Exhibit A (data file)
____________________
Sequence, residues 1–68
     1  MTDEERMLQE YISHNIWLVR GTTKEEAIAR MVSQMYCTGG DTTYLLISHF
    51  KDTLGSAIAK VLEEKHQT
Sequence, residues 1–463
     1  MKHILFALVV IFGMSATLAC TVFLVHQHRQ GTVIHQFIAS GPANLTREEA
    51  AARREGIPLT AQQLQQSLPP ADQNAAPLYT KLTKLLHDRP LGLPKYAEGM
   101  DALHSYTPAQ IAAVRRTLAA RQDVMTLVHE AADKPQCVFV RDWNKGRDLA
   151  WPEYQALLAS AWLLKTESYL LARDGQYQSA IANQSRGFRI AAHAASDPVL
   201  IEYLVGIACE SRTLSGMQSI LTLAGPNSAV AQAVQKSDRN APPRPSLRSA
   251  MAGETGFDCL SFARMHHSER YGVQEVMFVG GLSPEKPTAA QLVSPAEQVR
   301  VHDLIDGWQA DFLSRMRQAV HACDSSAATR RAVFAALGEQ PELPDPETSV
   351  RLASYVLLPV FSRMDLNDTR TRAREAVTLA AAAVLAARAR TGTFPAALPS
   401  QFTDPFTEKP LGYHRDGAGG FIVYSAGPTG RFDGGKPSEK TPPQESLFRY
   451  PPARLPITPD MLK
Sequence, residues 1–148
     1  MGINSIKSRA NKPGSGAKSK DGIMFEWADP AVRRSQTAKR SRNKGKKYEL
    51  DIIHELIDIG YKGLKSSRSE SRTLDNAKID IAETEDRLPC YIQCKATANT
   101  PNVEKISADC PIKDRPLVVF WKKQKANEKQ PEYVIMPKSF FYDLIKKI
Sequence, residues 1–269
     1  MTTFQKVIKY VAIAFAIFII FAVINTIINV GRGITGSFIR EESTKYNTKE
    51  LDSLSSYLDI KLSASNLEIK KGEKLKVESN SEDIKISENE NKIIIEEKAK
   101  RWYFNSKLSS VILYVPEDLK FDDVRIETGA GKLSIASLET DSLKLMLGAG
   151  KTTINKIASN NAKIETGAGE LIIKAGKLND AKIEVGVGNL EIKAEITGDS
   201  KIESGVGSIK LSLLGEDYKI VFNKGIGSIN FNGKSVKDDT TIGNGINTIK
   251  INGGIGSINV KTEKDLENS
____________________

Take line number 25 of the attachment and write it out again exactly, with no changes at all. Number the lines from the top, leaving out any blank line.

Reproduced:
   251  INGGIGSINV KTEKDLENS